Guns and Neighbors

We seem unable to have any rational conversation about guns these days, but if we could, I believe the platform would be public health. Guns in rural areas are heavily implicated in suicide, especially in populations suffering job loss, opioid addiction, alcoholism, and other societal stresses. Guns in urban areas are the weapon of choice for gangs, and for mass shooters. Whatever sliver of common ground might be found in preventing unnecessary deaths might be a place to begin conversation.

Guns are big business in the United States. Businesses who profit from the sale of guns, ammunition. and gun paraphernalia, can also be major philanthropists in the communities where they are located. That means a lot of people, regardless of their beliefs about easy gun availability, benefit from the profit derived from guns.

Grinnell, Iowa, is ground zero for that kind of dilemma. Grinnell is the home of Brownells, a major firearms company and longtime family-owned business. Pete Brownell, CEO of the company, lives in Grinnell. He and his wife are philanthropic contributors to many local causes. The company also provides many well-paying, skilled jobs with benefits — a boon for any relatively small town.

Not everyone likes the way Brownells makes its money, even though some of that money goes to benefit the community. But it’s not a distant issue, confronting a distant and faceless corporate entity. The Brownells and many of their neighbors meet up in the local coffee shop.

Neighborliness is important in Grinnell — part of a cultural ethos called “Iowa nice.” But candor is important to some Grinnell residents too, as is the chance to talk openly about what it means for the town to benefit from gun money.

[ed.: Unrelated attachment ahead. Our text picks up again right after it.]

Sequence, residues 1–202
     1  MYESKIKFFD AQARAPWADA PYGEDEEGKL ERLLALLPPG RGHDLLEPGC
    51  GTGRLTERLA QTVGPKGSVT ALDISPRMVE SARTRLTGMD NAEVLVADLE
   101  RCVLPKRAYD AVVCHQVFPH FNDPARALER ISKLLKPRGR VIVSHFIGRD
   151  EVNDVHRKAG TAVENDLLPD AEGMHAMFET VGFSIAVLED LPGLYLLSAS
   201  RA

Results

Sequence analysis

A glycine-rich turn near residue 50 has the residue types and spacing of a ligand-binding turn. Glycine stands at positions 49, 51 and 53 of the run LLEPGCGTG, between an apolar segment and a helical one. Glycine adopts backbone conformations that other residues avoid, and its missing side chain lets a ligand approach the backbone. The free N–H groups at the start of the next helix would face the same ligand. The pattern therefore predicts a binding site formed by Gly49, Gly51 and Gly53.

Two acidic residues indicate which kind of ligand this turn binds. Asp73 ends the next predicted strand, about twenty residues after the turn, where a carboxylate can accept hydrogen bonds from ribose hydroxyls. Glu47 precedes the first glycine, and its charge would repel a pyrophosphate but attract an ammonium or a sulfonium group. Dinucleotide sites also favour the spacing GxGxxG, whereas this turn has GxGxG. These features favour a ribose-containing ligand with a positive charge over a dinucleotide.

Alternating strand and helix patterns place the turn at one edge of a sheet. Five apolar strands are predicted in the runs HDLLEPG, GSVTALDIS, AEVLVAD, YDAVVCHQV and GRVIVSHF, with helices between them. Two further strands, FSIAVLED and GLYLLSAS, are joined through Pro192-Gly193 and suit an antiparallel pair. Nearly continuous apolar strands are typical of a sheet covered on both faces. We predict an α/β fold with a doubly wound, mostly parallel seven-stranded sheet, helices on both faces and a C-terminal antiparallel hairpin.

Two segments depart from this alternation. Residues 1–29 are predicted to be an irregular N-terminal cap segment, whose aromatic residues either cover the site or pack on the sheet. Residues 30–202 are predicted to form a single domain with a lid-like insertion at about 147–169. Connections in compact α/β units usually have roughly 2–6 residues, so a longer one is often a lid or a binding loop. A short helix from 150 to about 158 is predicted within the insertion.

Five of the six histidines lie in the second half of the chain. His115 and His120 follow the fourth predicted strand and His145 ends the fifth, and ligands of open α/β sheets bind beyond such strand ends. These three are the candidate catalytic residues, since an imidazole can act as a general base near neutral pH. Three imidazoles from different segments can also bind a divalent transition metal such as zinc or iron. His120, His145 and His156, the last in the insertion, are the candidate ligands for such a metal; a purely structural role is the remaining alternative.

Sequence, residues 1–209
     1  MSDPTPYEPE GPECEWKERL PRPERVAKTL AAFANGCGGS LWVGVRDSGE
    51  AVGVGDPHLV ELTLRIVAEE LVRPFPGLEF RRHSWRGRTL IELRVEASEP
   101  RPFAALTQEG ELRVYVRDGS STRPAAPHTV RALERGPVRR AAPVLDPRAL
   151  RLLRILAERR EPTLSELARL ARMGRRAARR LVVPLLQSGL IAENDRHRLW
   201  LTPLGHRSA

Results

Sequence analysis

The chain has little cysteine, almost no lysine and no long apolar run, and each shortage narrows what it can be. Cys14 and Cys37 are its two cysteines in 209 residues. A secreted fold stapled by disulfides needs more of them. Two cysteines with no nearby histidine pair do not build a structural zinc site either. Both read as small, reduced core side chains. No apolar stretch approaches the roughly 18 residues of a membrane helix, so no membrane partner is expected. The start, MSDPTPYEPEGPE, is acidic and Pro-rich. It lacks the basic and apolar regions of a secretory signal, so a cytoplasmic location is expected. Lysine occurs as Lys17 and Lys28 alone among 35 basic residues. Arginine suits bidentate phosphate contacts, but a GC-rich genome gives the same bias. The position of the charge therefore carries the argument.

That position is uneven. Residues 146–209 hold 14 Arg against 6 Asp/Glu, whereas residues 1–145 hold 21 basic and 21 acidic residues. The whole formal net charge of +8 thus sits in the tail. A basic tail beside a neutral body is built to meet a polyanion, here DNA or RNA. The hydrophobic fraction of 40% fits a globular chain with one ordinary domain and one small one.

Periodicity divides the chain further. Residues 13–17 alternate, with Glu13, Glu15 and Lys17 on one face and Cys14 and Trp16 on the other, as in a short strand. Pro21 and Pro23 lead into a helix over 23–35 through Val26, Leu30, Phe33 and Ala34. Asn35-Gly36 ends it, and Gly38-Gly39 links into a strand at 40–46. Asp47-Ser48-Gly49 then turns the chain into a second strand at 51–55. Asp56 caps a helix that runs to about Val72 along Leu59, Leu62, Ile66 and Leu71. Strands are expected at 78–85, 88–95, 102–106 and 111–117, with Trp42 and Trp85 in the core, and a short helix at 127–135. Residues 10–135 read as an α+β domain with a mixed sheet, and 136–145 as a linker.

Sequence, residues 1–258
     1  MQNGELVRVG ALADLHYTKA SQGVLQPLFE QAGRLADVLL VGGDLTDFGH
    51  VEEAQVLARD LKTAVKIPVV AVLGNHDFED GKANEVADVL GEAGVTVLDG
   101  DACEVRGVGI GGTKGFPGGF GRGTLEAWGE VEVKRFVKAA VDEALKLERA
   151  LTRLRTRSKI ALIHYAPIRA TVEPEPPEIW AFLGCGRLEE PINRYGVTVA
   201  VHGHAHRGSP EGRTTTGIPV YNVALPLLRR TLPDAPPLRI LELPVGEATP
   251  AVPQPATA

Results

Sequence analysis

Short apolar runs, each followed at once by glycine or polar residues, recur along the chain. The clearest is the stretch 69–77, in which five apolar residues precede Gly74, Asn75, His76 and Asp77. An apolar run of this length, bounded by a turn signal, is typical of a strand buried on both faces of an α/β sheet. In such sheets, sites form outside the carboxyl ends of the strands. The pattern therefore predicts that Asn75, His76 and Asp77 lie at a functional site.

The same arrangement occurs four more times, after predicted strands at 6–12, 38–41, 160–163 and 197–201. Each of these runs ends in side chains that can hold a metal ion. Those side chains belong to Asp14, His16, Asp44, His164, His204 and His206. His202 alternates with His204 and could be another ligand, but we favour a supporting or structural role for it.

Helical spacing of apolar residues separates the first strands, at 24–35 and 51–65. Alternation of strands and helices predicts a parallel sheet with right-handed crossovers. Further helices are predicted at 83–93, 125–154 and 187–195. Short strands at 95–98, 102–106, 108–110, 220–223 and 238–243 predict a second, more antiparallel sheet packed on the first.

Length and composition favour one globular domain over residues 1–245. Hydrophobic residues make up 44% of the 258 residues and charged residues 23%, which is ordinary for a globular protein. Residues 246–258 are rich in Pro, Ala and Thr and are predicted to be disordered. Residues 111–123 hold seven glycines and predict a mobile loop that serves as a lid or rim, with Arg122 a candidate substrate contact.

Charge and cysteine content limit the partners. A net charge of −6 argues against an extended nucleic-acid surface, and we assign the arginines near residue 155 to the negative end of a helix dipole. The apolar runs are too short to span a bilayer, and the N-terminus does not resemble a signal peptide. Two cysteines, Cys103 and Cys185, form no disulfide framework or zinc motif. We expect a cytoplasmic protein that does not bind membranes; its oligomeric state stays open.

Much of this simmered below the surface until Pete Brownell became head of the NRA, and the Las Vegas shootings happened.

“For some time, none of this attracted much notice. People certainly knew that their good, generous neighbor subsidizes their quality of life with money earned in the gun industry in a state where gun deaths run nearly neck and neck with drug overdose deaths, according to the Centers for Disease Control. But at Saints Rest and elsewhere, most people broach neither subject. There’s other stuff to chat about, like how things are going.

Grinnell is both progressive bastion and gun town, a place urbane and rural. It is home to an influential liberal arts college with an endowment of more than $1 billion, and also a Monsanto plant. Usually, these juxtapositions are a point of pride, if they are noteworthy at all.

But since the mass shooting in Las Vegas last October, Mr. Brownell has become a divisive figure in town, to nearly everyone’s reluctance. The culture wars here — and all of the culture wars converge right here — may be about guns, or about religion, or they might be about money. But they may really be about manners.”

The question for Grinnell, and for all of us, is whether we can find a way on both sides to have a civil conversation about guns, gun deaths, the right to bear arms, and the influence of gun-related money on politics and philanthropy at all levels.

So far, Grinnell hasn’t found it. Pete Brownell hasn’t responded to invitations from local clergy and others to begin talking. People who know the Brownells say that neighborliness is a two way street, and having local residents put their concerns on Facebook was, for the Brownell famly, a step too far.

I’ll be interested to see if this one small community can find a way forward. They might provide a model for the rest of us. Brownells, and the neighbors in Grinnell, Iowa, might be a place to start.

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